The 3 Best Exercises for Gaining Overall Mass

Gaining Overall Mass

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You’ll hear us say again and again that there’s no one size fits all in bodybuilding and that each individual’s training needs and styles will be different when it comes to new muscle growth.

That said though, there are some basic movements every bodybuilder, including even the most advanced, will use throughout their career right from grass roots lifting newbie through to mass monster status.

These exercises work well because they recruit multiple muscle groups and require multiple joint movements, often referred to as compound movements, except not the ridiculous epileptic fit type compound movements you’ll get taught at your local CrossFit class.

Combined, these movements cover virtually all of the main muscle groups, making them a sure fire hit when regularly incorporated in to your training plans alongside more selective isolation movements.

So without further ado, our top three exercises for gaining overall mass are (just remember to read our bulking guide next for further tips to achieve your goals):

#1: Squats

Squats for Muscle Growth

Kicking off with the legs day favourite, or most likely not as recent Instagram trends would suggest as far too many of the new age ‘gym bro’s’ seem to be skipping legs altogether!

Squats work your core, lower back, glutes and primarily your quads and hamstrings if done correctly. This makes them one of the most all round beneficial lower body moves going.

If you’re looking to upgrade your wheels this should be your first stop. One thing to note with squats is that often, far too much emphasis is put on how much weight you can move.

Just remember why you’re in the gym. Are you training to be a power lifter or a bodybuilder? If you want to be a bodybuilder, then you’ll need to keep your reps at a decent level each set to ensure hypertrophy.

Typically, most men will find that reps at a moderate weight grow legs faster than heavy weight for 2-3 reps of ego lifting. Legs are big dense muscle groups and need serious intensity to inspire new growth.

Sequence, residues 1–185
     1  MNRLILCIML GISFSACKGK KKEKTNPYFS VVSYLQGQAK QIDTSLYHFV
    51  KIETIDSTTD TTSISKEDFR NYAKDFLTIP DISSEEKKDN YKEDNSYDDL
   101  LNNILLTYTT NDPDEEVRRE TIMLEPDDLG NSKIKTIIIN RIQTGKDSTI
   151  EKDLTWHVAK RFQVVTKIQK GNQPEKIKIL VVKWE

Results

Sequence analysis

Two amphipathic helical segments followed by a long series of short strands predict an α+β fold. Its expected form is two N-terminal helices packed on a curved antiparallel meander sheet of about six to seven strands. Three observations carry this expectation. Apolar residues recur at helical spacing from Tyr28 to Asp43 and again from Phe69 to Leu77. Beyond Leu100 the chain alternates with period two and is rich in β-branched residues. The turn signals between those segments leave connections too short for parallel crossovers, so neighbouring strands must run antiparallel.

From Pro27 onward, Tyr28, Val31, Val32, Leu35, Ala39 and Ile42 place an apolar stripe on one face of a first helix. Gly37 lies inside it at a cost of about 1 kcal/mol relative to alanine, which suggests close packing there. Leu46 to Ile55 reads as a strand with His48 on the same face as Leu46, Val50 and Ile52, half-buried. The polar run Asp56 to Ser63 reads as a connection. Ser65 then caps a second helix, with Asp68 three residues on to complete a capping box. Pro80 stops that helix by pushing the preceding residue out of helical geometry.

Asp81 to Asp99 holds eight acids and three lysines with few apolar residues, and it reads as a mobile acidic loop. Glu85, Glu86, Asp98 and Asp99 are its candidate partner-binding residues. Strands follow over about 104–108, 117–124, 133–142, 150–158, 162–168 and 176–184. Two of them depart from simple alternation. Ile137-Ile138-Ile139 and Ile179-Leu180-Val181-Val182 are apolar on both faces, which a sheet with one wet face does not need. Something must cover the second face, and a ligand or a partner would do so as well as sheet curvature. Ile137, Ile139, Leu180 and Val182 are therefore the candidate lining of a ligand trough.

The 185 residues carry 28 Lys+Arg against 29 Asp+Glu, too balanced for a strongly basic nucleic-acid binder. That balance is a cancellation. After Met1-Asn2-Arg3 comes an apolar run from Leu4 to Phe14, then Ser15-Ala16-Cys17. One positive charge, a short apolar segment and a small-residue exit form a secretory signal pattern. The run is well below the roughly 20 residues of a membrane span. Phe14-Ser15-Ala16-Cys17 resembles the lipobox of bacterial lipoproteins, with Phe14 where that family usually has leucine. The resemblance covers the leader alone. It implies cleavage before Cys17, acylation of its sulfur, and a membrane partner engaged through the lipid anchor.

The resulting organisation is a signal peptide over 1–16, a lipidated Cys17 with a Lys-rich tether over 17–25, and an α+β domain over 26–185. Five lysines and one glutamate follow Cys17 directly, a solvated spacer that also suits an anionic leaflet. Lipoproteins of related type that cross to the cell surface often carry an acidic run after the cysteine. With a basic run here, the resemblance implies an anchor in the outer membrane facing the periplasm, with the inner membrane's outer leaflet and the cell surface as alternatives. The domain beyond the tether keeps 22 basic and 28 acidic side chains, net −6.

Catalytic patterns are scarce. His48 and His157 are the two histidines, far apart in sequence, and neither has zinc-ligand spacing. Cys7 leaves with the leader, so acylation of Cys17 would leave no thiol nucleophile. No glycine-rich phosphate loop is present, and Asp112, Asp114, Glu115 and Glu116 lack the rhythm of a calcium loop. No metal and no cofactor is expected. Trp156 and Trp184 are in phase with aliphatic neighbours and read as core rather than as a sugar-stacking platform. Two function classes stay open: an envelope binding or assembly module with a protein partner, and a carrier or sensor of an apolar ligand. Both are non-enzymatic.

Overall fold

Tips for squatting:

  1. Sit in to the movement as if sitting in a chair
  2. Drive your heels in to the floor and squeeze your glutes hard to stand up
  3. Keep your back as straight as possible
  4. If form is poor, drop the weight and get it right before progressing
  5. Do not ignore knee pain!

#2: Bench Press

Bench Press for Muscle Growth

Ok, now this is a favourite. Every guys go to exercise for a bit of muscle and ego pumping. Just don’t expect to get anywhere near the bench press on international chest day (Monday) during peak hours!

Pecs are on every fella’s list of places they most want to gain mass. It’s a masculine statement and something you see in the mirror everyday so it’s no surprise.

Aside from your pecs though, you get front shoulder (anterior delt) work in as well as your triceps. Three great places to add mass for an all-round bigger physique.

As with squats make sure weight doesn’t dominate your approach to the bench. Mix up a variation of progressive weights at lower reps but get your reps in somewhere, even if it means using drop sets.

Tips for the bench press:

  1. Start with a grip just wider than shoulder width and experiment with different hand placement as you progress
  2. Don’t grip the bar too tight, try to let it sit in your palms to take tension out of your arms and keep it in your chest
  3. On the lowering phase, keep the weight under control at a slow speed before driving it back up
  4. Always have a spotter handy if you’re pushing yourself, don’t end up in a viral video of gym fails like so many others have before you

#3: Bent Over Row

Bent Over Row for Muscle Growth

The bent over row is arguably one of the best moves for adding mass to the upper back and lats when done correctly. You’ll also work your biceps here so it’s another superb single movement for adding mass to multiple key areas.

Keeping a straight spine and bending forward at the hips is a key point many get wrong early on. This can lead to lower back strain.

Learn the difference between bending with your lower back and flexing your hips.

If you find you can’t keep your spine relatively straight, you might be going too heavy. Drop it down and build up gradually.

Depending on the point of your body you aim to raise the bar to, e.g. the abdomen or sternum, you will target different areas of your back. The back is a very large and complex group of muscle in contrast to the chest (pectorals), and hand placement and the angle of your row will bring different muscles in to play.

Tips for the bent over row:

  • Keep a straight spine, ask a spotter to tell you or place a mirror beside you if you’re not sure
  • Use different width grip positions to change muscle emphasis of the move
  • Keep reps high where possible rather than overloading and potentially using your legs to cheat the movement
  • Keep your shoulder blades retracted at the top of the movement and squeeze like hell!

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Hi, my name is Jonathan, a fitness blogger and bodybuilding enthusiast and I am the founder of Skinny2Fit. I want to provide you with easy access to good advice that is both simple and to the point. Helping you gain muscle mass and strength!


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